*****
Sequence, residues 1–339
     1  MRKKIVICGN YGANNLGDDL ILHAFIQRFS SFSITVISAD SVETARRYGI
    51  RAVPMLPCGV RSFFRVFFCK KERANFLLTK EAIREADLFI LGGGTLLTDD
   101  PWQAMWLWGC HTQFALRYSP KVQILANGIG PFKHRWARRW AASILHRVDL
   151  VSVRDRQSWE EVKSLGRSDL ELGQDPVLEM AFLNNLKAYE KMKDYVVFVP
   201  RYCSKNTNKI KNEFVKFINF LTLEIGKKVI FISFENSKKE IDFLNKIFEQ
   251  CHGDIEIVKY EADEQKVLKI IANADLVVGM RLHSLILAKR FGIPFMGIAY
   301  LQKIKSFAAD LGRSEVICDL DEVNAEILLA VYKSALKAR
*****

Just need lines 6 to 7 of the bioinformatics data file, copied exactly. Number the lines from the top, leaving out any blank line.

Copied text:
   201  RYCSKNTNKI KNEFVKFINF LTLEIGKKVI FISFENSKKE IDFLNKIFEQ
   251  CHGDIEIVKY EADEQKVLKI IANADLVVGM RLHSLILAKR FGIPFMGIAY